The Final Bell 

The passing of wrestling promoter Sam Muchnick rekindles interest in the wrestling days of yore

Though there are plenty of small-circulation magazines dedicated to the old days of professional wrestling, it's the modern version of the sport that's brought big dollars into play, with the stars of the game edging into mainstream status.

All those "NWO" T-shirts, all those "Austin 3:16" caps, all that talk about Jesse "The Body" Ventura's ascension to the role of Minnesota governor. Stories on Bill Goldberg and Steve Austin in Spin, Rolling Stone, USA Today. All compliments of a game that many still find, well, ridiculous and beyond belief.

Veteran wrestling announcer and writer Larry Matysik, the voice of the KPLR (Channel 11) show Wrestling at the Chase in its last years, answers the age-old question of credibility, saying, "For those of us in the business, who've put blood, sweat and tears into it, it's real. It's absolutely real."

Or, as he eloquently puts it: "For nonbelievers, no answer is satisfactory. For believers, no answer is necessary."

One of the greatest believers in the sport was a venerable St. Louisan, Sam Muchnick, who died on Dec. 30 at the age of 93. He was the leading promoter in St. Louis for decades, with his live cards at Kiel Auditorium and his tape-delayed broadcasts of the classic Wrestling at the Chase evoking memories for plenty of St. Louisans in all age groups.

Matysik says he was hired by Muchnick to do play-by-play for the Chase series, with a minimum of input from Muchnick.

"It's funny," Matysik says. "From the start, he never led me into doing it in any particular way. He wanted to do it as a sport, to do straight announcing. He didn't like the hard sells, the carnival-barker stuff -- which was fine, because I agreed with that. With Mickey Garagiola and I, it was like listening to your neighbors talk about wrestling. It's not that we knew any more about wrestling than you did; it's not that we're geniuses. It's just that we were around it more. It's something that Jack Buck once said.

"I remember growing up with Jack Buck, Buddy Blattner, Harry Caray, Joe Garagiola doing the calls. And it wasn't until I was into the matchmaking end of things, towards the end, that I knew what would happen. Nobody knew. The business was very much protective. In fact, that might be too soft of a word. They just really didn't want people to know."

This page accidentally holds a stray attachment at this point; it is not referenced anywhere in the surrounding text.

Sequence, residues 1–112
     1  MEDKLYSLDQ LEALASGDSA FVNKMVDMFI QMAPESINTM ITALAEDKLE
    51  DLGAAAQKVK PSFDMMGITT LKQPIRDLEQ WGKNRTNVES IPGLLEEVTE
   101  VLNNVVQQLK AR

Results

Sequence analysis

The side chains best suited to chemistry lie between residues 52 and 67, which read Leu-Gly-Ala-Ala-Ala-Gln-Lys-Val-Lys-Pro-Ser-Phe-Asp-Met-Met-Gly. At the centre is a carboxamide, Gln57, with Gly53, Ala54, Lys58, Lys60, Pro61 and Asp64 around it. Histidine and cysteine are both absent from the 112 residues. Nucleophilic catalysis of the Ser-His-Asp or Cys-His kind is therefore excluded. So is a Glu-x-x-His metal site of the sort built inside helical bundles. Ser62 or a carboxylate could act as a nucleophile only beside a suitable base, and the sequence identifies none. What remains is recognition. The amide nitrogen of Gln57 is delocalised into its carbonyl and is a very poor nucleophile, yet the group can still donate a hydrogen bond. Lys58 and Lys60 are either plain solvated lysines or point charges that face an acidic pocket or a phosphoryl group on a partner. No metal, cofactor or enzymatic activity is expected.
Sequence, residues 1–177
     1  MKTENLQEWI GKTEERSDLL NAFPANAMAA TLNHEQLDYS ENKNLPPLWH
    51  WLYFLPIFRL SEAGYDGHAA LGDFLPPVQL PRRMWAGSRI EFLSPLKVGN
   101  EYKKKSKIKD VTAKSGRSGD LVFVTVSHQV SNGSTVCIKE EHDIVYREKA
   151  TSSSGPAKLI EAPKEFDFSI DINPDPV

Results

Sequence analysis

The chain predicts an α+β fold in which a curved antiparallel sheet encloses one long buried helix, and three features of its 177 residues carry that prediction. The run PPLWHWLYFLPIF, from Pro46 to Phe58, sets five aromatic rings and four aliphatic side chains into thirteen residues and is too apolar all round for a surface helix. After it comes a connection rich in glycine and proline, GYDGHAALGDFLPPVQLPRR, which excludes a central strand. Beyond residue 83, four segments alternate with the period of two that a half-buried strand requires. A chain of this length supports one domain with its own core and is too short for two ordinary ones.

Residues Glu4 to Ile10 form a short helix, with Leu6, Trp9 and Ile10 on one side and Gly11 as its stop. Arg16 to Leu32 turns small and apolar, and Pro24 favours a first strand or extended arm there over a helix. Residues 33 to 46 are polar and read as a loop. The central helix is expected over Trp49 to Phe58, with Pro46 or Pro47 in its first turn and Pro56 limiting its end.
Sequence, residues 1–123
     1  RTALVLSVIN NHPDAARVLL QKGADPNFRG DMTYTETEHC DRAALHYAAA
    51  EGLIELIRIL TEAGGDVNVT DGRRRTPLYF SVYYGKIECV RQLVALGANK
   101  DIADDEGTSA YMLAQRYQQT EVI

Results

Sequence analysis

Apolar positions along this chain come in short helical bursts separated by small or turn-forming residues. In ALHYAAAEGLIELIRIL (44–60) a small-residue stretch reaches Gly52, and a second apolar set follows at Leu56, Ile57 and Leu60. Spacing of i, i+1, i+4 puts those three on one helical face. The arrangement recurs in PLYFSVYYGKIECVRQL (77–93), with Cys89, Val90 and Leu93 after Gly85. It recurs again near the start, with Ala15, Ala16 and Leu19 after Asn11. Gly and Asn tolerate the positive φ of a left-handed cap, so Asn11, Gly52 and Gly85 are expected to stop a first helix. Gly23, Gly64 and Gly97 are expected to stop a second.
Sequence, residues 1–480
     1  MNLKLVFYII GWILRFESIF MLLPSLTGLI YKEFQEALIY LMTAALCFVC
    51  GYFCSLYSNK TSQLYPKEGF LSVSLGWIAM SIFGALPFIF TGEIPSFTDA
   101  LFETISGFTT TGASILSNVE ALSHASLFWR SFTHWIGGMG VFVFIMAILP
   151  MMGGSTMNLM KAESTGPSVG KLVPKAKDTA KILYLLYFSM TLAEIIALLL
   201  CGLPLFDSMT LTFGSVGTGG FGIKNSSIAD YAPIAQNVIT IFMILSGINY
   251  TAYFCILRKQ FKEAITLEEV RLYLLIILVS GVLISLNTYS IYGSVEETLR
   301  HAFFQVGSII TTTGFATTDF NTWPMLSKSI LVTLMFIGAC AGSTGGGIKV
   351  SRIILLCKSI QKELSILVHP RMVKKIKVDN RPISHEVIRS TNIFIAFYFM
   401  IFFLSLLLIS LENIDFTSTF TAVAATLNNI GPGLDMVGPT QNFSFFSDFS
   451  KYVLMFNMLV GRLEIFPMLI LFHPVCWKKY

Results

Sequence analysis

And, as Matysik notes, that filtered right down to the announcers at ringside, who were calling the action "blind," not sure which way the bout would turn. It kept things interesting for them and for the audience.

Muchnick's ability to hire top-notch announcers was just one of many skills he brought to the table. Obviously, names like Buck and Caray resonate with fans of baseball; fans of the old school of Wrestling at the Chase surely remember the dry, distinctive call of Matysik and Mickey Garagiola's whimsical color commentary.

In fact, it was a job that Garagiola didn't seek out. Becoming the color man and ring announcer, that was all Muchnick.

"The show had been on since 1959," he says. "My brother had been doing it in the 1960s. In 1969, Sam asked me to be a ring announcer. Hell, I was a waiter -- I didn't know anything about doing that. Here I've been waiting tables, but Sam said, 'You've got a line. You can do it.' The next week, I'm announcing the fighters, where they're from, what they weighed. And I did that until the show went off the air in 1982."

For those in their 20s and 30s, Wrestling at the Chase was very much a Sunday-morning staple, when politics, religious shows and movie theme shows (like Western Theatre) competed for attention. Kids, though, obviously gravitated toward the scenes coming from the Chase, which was an absolutely bare-bones operation, with a ring, a couple of cameras, bleacher seats rising up in the back and fans within spitting distance of the contestants.

Garagiola, a delight to speak to on the subject, remembers, "Where I lived, on the Hill, every tavern played Wrestling at the Chase on Saturday nights. The people were really into it -- they'd be sitting at the bar, talking wrestling, yelling in Italian."

For some, the show was more than a passing fancy. It became an introduction into one of America's most fascinating subcultures.

"It's all real vivid to me," says Wayne St. Wayne, South Grand artist and a former pro wrestler. "Wrestling at the Chase sparked my whole interest after watching it by accident one Saturday night. Then I learned that the TV matches weren't the only matches, that they were also held at a big place called Kiel Auditorium where I'd never been. On TV, you'd get the guys fighting lesser competition, but at the Kiel, the best were going against one another.